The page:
ClinGen Dosage Sensitivity Curation Page

FRMD7

Curation Status: Complete

Gene Information

Location Information

Evidence for Loss Phenotypes

Evidence for loss of function phenotype
PubMed ID Description
17013395 Tarpey et al. (2006): Mutations in FRMD7 were detected in 15 of 16 families with idiopathic congenital nystagmus (ICN) and linkage to this region. All mutations identified in FRMD7 co-segregated with disease in the linked families and were absent from 300 male control chromosomes. Detected mutations included two nonsense mutations (Q201X and R335X, which predict truncated proteins containing 28% and 47% of the protein respectively). Four of the five splice site mutations were at conserved splice donor residues (position +1 and +2) and are thus predicted to be pathological by classical exon skipping and nonsense mediated decay. Three frameshift variants were also reported. Though pedigrees for each family are provided in the supplemental material, the authors do not specify which individuals were tested. All families had multiple affected individuals; most families included affected females.
20450309 Fingert et al. (2010): Describes an intragenic deletion of exons 2-4 in a large, multi-generational family with ICN. Seven affected males, 2 affected females, 5 obligate carriers and 9 unaffected family members were assayed, with the variant segregating with disease in >8 family members. The deletion was not detected in unaffected males in the family or in 40 male control samples.
28378818 28378818 Thomas et al. (2017). DNA sequence and CNV analysis of 15 unrelated patients with Infantile nystagmus identified 3 probands with a pathogenic variant in FRMD7. A pathogenic frameshift variant c.1262delC: p.(Pro421LeufsTer23) was identified in family NYS-003, and found to segregate in 11 individuals. Affected individual NYS-007 was confirmed by MLPA analysis to have a heterozygous deletion of FRMD7 exons 2-12. 25678693 AlMoallem et al. (2015) analyzed the FRMD7 and GRP143 genes for 49 unrelated probands with X-linked idiopathic infantile nystagmus, using Sanger sequencing, NGS and MLPA-CNV analysis. They identified 9 unique FRMD7 variants predicted to be deleterious in 10 probands (2 female, 8 male). All variants were only found in affected individuals or obligate carriers. 24434814 Zhang et al. (2014) Performed PCR-based sequencing of FRMD7 and GPR147 in 4 unrelated families with X-linked idiopathic congenital nystagmus. The authors identified pathogenic FRMD7 variants in 3 of the families. Two of the identified variants; (p.Q487X and p.V549Y sX554) are predicted to generate nonfunctional truncated proteins, while the third variant, p.S260R, is predicted to disrupt the protein function. The variants co-segregated with affected individuals (12 males and 2 females) or obligate female carriers in the three families, and were not present in unaffected male family members or 200 normal controls

The loss-of-function and triplosensitivity ratings for genes on the X chromosome are made in the context of a male genome to account for the effects of hemizygous duplications or nullizygous deletions. In contrast, disruption of some genes on the X chromosome causes male lethality and the ratings of dosage sensitivity instead take into account the phenotype in female individuals. Factors that may affect the severity of phenotypes associated with X-linked disorders include the presence of variable copies of the X chromosome (i.e. 47,XXY or 45,X) and skewed X-inactivation in females.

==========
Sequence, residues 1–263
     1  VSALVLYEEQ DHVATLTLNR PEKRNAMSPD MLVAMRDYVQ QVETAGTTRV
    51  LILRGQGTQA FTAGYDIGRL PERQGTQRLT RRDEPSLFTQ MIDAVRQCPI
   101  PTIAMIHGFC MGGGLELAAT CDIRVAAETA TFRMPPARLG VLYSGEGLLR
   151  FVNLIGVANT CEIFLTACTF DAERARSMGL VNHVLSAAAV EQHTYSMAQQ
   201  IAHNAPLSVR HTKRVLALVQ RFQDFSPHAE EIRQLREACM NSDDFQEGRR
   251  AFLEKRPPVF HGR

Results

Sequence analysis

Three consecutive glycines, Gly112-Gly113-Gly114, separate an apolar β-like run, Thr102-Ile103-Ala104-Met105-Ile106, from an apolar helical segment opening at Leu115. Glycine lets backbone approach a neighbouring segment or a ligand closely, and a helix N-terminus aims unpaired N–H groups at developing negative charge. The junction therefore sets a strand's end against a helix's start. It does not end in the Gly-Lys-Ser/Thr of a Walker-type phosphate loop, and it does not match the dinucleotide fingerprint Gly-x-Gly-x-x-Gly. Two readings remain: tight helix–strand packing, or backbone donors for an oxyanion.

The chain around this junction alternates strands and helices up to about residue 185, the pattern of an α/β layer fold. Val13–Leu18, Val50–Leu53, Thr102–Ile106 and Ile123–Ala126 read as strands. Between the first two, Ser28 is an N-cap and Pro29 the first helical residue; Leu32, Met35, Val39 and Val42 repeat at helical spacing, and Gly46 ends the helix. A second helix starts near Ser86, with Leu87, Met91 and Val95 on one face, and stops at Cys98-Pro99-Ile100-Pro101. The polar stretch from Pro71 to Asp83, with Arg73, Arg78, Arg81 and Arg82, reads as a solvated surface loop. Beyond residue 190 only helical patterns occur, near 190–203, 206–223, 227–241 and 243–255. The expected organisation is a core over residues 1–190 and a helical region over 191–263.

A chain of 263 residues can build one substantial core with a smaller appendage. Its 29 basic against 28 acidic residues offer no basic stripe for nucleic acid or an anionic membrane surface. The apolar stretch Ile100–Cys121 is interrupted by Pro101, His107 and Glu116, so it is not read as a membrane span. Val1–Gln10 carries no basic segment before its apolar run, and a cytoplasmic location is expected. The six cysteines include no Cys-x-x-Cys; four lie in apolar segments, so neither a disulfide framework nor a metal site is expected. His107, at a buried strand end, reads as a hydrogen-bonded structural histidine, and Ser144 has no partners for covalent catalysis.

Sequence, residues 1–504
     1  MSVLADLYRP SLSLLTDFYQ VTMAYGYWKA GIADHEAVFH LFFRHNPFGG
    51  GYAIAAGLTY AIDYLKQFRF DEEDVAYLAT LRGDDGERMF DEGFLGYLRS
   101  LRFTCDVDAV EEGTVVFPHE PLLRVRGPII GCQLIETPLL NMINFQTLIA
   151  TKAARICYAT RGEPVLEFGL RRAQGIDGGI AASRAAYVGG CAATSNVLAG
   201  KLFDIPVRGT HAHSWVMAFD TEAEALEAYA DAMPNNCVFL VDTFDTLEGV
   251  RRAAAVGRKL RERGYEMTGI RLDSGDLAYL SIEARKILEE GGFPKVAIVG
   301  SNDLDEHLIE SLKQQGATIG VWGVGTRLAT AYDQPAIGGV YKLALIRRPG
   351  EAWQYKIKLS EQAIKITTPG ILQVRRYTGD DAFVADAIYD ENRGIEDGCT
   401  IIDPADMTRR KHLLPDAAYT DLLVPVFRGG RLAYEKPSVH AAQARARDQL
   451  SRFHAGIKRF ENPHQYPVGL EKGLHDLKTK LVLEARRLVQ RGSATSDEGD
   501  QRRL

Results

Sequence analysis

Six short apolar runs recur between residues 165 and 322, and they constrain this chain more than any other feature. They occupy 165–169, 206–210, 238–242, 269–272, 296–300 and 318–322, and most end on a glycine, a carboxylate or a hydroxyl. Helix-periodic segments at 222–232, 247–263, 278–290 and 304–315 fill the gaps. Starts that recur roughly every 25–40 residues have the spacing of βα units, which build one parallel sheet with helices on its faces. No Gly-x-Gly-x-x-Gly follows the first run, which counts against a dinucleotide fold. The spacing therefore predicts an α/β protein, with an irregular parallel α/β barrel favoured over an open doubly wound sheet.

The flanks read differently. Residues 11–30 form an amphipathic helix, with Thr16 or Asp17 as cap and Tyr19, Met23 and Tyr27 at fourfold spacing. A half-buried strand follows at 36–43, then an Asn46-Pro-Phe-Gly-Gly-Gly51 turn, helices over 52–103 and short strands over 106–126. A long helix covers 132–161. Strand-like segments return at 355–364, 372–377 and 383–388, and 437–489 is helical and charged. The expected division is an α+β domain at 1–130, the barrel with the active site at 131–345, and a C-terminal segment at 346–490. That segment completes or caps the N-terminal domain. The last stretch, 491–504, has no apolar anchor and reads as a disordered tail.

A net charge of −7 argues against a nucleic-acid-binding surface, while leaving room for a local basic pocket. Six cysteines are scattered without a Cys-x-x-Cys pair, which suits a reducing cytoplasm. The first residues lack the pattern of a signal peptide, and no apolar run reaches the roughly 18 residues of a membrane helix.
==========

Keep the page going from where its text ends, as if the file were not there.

Evidence for Triplosenstive Phenotype

The loss-of-function and triplosensitivity ratings for genes on the X chromosome are made in the context of a male genome to account for the effects of hemizygous duplications or nullizygous deletions. In contrast, disruption of some genes on the X chromosome causes male lethality and the ratings of dosage sensitivity instead take into account the phenotype in female individuals. Factors that may affect the severity of phenotypes associated with X-linked disorders include the presence of variable copies of the X chromosome (i.e. 47,XXY or 45,X) and skewed X-inactivation in females.

NOTE:The loss of function score should be used to evaluate deletions, and the triplosensitivity score should be used to evaluated duplications. CNVs encompassing more than one gene must be evaluated in their totality (e.g. overall size, gain vs. loss, presence of other genes, etc). The rating of a single gene within the CNV should not necessarily be the only criteria by which one defines a clinical interpretation. Individual interpretations must take into account the phenotype described for the patient as well as issues of penetrance and expressivity of the disorder. ACMG has published guidelines for the characterization of postnatal CNVs, and these recommendations should be utilized (Genet Med (2011)13: 680-685). Exceptions to these interpretive correlations will occur, and clinical judgment should always be exercised.